The net GHG balance and budget of the permafrost region (2000-2020) from ecosystem flux upscaling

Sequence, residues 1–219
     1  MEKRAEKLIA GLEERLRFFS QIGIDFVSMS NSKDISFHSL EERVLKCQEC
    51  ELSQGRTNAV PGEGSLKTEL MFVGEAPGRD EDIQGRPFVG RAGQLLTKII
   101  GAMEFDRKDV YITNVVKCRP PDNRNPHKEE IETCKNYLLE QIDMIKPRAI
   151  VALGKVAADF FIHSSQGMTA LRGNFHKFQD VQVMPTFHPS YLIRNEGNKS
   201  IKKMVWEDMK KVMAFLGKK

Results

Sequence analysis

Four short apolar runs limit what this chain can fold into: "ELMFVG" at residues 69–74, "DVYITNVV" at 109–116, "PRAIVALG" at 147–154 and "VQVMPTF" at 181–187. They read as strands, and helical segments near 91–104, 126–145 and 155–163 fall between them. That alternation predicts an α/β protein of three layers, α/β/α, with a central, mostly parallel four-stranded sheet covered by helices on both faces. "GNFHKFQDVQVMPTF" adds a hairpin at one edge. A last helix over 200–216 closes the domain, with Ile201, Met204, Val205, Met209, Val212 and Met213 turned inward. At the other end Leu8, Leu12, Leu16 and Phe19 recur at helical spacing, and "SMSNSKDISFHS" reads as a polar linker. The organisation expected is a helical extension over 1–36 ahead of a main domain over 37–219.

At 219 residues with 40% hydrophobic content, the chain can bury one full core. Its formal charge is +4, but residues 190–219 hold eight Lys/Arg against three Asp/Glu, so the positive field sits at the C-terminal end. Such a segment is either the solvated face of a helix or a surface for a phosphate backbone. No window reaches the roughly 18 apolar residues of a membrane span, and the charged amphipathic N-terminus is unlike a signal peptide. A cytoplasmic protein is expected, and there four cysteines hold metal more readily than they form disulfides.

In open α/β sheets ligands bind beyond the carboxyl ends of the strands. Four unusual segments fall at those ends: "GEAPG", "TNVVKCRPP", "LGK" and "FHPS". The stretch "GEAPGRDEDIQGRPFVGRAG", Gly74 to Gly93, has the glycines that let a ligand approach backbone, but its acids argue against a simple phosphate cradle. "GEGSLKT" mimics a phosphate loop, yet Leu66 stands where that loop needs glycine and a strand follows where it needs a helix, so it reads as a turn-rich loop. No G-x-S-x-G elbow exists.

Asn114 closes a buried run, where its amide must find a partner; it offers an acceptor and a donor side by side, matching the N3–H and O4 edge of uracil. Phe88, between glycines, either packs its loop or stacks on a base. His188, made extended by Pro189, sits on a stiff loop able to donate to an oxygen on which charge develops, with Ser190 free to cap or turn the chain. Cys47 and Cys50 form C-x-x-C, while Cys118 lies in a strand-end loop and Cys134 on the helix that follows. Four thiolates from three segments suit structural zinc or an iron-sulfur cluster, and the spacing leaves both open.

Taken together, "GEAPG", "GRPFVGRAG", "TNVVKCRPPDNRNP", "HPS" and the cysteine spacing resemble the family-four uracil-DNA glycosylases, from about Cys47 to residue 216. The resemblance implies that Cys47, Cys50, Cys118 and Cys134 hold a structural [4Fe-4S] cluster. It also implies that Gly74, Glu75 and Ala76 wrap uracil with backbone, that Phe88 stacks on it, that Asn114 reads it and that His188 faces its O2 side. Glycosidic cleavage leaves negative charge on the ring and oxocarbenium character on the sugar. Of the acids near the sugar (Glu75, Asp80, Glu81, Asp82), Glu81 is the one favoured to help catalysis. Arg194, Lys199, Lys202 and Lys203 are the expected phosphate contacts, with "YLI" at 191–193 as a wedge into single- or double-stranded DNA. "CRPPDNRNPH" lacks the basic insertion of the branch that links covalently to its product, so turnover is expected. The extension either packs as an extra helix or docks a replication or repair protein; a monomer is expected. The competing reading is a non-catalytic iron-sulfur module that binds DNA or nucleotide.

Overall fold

The northern permafrost region has been projected to shift from a net sink to a net source of carbon under global warming. However, estimates of the contemporary net greenhouse gas (GHG) balance and budgets of the permafrost region remain highly uncertain. Here we construct the first comprehensive bottom-up budgets of CO2, CH4, and N2O across the terrestrial permafrost region using databases of more than 1000 in-situ flux measurements and a land cover-based ecosystem flux upscaling approach for the period 2000-2020. Estimates indicate that the permafrost region emitted a mean annual flux of 0.36 (-620, 652) Tg CO2-C y-1, 38 (21, 53) Tg CH4-C y-1, and 0.62 (0.03, 1.2) Tg N2O-N y-1 to the atmosphere throughout the period. While the region was a net source of CH4 and N2O, the CO2 budget was near neutral with large uncertainties. Terrestrial ecosystems remained a CO2 sink, but emissions from fire disturbances and inland waters largely offset the sink in vegetated ecosystems. Including lateral fluxes, the permafrost region was a net source of C and N, releasing 136 (-517, 821) Tg C y-1 and 3.2 (1.9, 4.8) Tg N y-1. Large uncertainty ranges in these estimates point to a need for further expansion of monitoring networks, continued data synthesis efforts, and better integration of field observations, remote sensing data, and ecosystem models to constrain the contemporary net GHG budgets of the permafrost region and track their future trajectory.